Malnutrition, exhaustion, chills and fever called the "shaking ague" tested the limits of medical practitioners in the community.  As if these illnesses weren't enough to suffer through, the community had to deal with measles, mumps, whooping cough, small pox, tuberculosis, and pneumonia.  Due to the extreme weather conditions, diseases, or complications as a result, many lives were lost.  Hardly a day passed without one or two deaths in the community or the communities on the Iowa side.  Between spring of 1846 and June 1847, 723 died from the diseases or lack of adequate care.  By the end of 1848, the total deaths  had rose to about 1,000.  For a surviving community of 4,000 to 5,000, the deaths affected everyone.  The times were hardest on the children along the way and during the stay at Winter Quarters.  Of the 365 burials in the Mormon Pioneer Cemetery from August, 1846 through the summer of 1848, approximately 53% were for children under three years of age.  Only a strong faith of a gathering later on allowed the survivors to leave the graves of loved ones and continue the journey the following spring.

"Advance Company"

Time to move on

Brigham Young learned about the Great Salt Lake Valley from the reports published by John C. Frémont of his earlier explorations.  He decided the area to be the ideal location to form the church's new homeland.  After spending the first winter at Winter Quarters, Brigham Young and other church members started for Salt Lake Valley on April 5, 1847.  Six wagons departed Winter Quarters to form the Advance Company or Discovery Company, also known as the Pioneer Band.  The group camped for two nights near present day Highway 36 and 69th Street waiting for others to join in.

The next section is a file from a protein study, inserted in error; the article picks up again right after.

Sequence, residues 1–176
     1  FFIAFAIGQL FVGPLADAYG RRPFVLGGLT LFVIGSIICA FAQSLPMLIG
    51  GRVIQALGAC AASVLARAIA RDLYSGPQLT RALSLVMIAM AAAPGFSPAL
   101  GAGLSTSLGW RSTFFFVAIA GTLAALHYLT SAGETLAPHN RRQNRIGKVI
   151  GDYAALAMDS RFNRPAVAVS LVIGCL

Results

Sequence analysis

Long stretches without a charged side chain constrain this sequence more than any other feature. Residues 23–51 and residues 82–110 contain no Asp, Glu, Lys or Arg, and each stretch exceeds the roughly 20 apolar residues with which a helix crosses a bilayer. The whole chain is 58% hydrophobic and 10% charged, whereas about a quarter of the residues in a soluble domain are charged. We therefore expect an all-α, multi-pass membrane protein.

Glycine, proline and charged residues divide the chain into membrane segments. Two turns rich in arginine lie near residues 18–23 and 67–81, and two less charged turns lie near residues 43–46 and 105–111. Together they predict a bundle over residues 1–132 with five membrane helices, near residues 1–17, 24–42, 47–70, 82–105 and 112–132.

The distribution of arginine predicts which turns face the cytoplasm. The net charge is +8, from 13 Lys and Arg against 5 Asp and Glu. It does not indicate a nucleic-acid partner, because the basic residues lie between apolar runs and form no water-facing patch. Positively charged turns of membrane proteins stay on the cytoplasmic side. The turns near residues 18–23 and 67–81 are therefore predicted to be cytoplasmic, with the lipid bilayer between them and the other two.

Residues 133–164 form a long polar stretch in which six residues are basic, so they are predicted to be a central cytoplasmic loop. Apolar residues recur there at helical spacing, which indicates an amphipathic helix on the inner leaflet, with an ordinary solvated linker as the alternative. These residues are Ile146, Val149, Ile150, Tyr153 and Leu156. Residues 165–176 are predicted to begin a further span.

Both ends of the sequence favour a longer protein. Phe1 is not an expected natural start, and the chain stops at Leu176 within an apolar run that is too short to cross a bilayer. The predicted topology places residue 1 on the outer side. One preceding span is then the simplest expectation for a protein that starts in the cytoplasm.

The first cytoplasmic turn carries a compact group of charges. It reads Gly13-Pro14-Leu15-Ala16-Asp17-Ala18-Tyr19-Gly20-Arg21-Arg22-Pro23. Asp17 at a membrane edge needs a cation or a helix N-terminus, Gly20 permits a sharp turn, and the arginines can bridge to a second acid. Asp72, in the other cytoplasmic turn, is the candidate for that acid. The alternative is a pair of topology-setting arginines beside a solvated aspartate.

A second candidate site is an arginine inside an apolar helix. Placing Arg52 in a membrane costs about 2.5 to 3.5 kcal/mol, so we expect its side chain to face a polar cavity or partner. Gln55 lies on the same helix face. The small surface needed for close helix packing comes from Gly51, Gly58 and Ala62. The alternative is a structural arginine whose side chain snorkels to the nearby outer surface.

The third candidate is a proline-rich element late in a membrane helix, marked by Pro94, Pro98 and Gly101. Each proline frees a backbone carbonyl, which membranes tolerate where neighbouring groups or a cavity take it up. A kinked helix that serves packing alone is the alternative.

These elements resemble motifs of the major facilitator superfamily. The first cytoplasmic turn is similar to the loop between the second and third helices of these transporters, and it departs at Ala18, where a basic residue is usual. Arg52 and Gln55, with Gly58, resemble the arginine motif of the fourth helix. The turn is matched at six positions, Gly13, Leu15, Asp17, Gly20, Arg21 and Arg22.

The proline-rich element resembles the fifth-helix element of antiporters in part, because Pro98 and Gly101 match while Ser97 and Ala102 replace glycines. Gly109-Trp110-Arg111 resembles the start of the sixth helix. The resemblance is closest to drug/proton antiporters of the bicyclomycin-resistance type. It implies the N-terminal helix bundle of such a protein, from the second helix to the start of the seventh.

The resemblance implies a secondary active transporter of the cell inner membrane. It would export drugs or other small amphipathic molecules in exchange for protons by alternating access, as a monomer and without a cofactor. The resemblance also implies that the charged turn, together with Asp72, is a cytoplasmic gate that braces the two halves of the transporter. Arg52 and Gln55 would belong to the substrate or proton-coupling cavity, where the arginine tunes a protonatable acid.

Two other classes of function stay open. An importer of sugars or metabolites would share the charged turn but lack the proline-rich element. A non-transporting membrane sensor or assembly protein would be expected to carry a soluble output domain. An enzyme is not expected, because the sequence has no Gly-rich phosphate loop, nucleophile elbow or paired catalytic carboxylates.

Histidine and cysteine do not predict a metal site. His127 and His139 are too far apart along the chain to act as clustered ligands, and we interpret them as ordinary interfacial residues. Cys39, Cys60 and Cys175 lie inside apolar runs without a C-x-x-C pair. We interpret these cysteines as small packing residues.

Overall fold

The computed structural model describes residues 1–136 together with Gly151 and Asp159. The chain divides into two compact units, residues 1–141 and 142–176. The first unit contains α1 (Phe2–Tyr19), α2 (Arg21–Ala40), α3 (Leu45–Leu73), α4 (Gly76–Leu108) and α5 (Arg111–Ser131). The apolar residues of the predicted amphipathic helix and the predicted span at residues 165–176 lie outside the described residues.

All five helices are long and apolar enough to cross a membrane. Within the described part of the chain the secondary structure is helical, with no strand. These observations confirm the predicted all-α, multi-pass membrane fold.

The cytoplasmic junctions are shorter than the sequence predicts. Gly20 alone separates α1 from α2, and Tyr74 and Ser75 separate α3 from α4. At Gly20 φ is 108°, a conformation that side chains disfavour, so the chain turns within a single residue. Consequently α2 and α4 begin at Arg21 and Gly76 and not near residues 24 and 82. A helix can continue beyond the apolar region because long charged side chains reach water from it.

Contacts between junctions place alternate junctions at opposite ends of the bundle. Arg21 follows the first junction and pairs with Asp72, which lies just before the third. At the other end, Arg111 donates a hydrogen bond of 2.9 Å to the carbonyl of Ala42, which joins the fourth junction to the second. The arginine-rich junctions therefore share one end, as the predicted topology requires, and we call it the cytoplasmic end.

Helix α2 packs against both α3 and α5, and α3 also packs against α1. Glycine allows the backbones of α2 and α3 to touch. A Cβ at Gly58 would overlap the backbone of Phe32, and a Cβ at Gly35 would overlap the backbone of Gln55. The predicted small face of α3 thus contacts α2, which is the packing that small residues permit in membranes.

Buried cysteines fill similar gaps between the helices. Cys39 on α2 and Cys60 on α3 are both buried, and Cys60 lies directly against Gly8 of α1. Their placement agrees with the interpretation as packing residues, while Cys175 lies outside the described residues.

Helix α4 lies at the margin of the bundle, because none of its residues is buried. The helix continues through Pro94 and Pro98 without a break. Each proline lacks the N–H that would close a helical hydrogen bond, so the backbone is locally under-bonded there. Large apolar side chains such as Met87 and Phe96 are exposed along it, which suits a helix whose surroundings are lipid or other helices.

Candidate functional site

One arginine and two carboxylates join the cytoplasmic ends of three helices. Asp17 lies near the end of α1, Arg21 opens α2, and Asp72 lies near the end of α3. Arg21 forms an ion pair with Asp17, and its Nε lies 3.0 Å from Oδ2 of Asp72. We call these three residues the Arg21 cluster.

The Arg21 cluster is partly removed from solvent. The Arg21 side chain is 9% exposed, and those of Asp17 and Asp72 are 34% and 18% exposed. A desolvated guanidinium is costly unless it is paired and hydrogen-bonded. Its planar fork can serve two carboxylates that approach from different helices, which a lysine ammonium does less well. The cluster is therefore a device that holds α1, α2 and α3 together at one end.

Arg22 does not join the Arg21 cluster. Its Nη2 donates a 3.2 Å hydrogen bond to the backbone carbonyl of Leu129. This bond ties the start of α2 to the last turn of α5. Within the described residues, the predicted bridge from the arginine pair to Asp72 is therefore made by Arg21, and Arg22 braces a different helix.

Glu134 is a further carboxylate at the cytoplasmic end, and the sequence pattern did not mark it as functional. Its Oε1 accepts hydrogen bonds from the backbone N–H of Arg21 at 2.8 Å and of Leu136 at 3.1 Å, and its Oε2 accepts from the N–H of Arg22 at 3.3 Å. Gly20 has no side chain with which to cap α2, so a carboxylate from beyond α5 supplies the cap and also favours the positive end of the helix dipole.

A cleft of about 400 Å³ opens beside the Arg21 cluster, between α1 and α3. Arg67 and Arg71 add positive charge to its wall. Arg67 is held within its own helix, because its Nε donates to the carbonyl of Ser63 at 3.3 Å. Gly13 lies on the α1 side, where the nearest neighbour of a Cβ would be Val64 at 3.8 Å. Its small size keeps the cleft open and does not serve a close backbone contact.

The party moved on to near Fremont where others assigned to the advanced Company joined them.  The initial group consisted of skilled craftsmen and workers, road builders, carpenters, blacksmiths, hunters, brick masons, teamsters, stone cutters, farmers, a count of 148, including three women, and two children.  In total, 72 wagons and a large herd of cattle formed the initial advance party.*

The party followed the north side of the Platte and North Platte River into Wyoming, a trail that later became known as the Mormon Trail.  Near Casper, Wyoming, they crossed the North Platte River in a boat they had taken with them called the Revenue Cutter.  Knowing others would be coming along later, a small group was left at this location to run the ferry.  Non-Mormon pioneers were charged to cross the North Platte, and the ferry proved to be a viable enterprise that lasted for the next 20 years.

In June 1847, the party reached Fort Laramie.  The Oregon Trail passed Fort Laramie, and continued on to Fort Bridger, so it was the obvious choice to take for the next leg of the journey.  James Bridger warned Brigham that the trail he planned to take covered desert and rough mountain terrain, and would be difficult if not impossible to complete with the wagons.  Having little choice, Brigham headed southwest into the Uinta and Wasatch Mountains, and finally over 120 miles of desert before reaching the Great Salt Lake Valley.